Russell Wilson threw for three scores and no interceptions, completed passes to nine different players and topped the 300-yard mark for the second time this season. (AP)
The Saints' longest play of the game was a 20-yard pass to Graham in the second quarter. New Orleans' second-longest gain of the game was courtesy of a 15-yard penalty against Thomas for roughing the passer when he slapped Brees' helmet in the third quarter.
Compare that to the Seahawks, whose offense was plenty explosive even with Percy Harvin sidelined because of a sore hip.
The Saints contained Marshawn Lynch, holding him to fewer than 3 yards per carry, yet that came at a cost, which New Orleans paid for on the back end. Quarterback Russell Wilson completed two passes of more than 50 yards and threw for more than 300 yards for the second time in a regular-season game.
Any questions about this Seattle team now? Because there shouldn't be. You can't harp on the caliber of the Seahawks' opponents or the quality of the quarterbacks they've faced.
|• Recap | Stats | Photos | 'The Pete Carroll Show'||• O'Neil: What We Learned||• Huard: How Seahawks beat Saints' blitz||• Henderson: Carroll says K.J. Wright stood out||• Henderson: Avril, Bennett team up for TD||• Stecker: Saints' vaunted offense sputters|
"We're not like everybody else," Thomas said. "You're not about to have a highlight tape on us."
Or in this case, any highlights as Seattle turned what was supposed to be this week's top matchup into a complete and utter mismatch.
And for anyone who wonders whether Seattle is able to be that dominant on the road, the answer is that the Seahawks don't have to be. If they win their two remaining home games they are assured of home-field advantage throughout the conference playoffs, and Monday's game provided proof about just how valuable that is.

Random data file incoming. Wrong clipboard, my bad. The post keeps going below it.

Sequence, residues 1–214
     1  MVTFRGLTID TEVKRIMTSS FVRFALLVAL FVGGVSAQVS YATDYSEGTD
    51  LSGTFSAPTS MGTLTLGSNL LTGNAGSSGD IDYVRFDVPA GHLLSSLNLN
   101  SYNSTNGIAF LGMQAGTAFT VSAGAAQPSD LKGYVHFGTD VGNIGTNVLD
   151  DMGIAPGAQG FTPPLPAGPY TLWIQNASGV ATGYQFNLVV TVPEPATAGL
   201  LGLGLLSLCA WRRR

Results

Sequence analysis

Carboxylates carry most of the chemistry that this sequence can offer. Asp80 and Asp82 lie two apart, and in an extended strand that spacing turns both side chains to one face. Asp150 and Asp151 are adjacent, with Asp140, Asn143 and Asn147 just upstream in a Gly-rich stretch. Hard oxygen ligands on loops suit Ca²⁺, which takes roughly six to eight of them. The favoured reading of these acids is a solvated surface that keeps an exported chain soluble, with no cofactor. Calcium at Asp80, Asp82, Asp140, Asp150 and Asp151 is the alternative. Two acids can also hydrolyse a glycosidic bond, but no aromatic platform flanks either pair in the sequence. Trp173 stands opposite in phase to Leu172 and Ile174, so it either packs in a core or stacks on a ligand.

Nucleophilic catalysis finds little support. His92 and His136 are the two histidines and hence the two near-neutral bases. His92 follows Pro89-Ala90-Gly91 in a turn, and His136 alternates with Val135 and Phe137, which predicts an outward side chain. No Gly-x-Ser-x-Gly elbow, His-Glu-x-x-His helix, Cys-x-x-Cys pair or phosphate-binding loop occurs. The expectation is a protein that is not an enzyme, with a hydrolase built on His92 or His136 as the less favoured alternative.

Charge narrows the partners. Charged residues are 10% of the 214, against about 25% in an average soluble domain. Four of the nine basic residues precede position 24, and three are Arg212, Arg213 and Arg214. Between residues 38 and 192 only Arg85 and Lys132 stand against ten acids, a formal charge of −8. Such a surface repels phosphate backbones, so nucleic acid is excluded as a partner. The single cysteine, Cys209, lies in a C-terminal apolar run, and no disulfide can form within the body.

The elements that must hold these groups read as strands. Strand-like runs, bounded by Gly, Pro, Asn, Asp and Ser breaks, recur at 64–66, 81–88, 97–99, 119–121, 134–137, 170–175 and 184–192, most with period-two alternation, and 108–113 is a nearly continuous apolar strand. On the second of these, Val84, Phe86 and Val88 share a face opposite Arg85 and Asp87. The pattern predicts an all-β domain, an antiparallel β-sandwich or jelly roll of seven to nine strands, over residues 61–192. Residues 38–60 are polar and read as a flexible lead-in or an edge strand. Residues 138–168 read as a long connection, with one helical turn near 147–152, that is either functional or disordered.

Monday, December 2, 2013 @ 7:44am
By Danny O'Neil
The two shortest quarterbacks in the league are starting in what might be the biggest regular-season game of 2013.
Expect to hear about that fact Monday night. Repeatedly. Seattle's Russell Wilson is 5 feet 11, Drew Brees is 6 feet tall and their shared (lack of) stature will be a focal point when Seattle hosts New Orleans on "Monday Night Football".
Drew Brees, the quarterback of the league's second-ranked passing offense, has been sacked just 23 times this season. (AP)
"Russell is more mobile," Seattle cornerback Richard Sherman said. "Drew Brees kind of stands in there. He stands in there and gets on his tippy toes and tries to see over the top of the offensive line.
"He's more of a pocket presence."
The Seahawks know where to find Brees, but can they get there? That's a whole different question, and the answer will play a greater factor in Monday's game than either the suspension of cornerback Walter Thurmond or the expected absence of receiver Percy Harvin.
The Saints have given up 23 sacks, fourth-fewest in the league entering Week 13, and Seattle's ability to pressure the passer – or its lack thereof – will be the difference between Brees picking Seattle apart and the Seahawks picking Brees off.
"We have to get this guy off a spot and be able to move him," said Dan Quinn, Seattle's defensive coordinator.
New Orleans – like Seattle – has thrived in large part because of its quarterback, but for a very different reason. Wilson has shown the ability to do whatever is needed for the victory, whether it is throwing from the pocket like he did in Week 1 at Carolina or taking the game over as a runner in the Week 4 comeback at Houston. And in those times when Seattle didn't have the best pass protection – for instance, most of Seattle's first eight games – Wilson's mobility is like a get-out-of-jail-free card.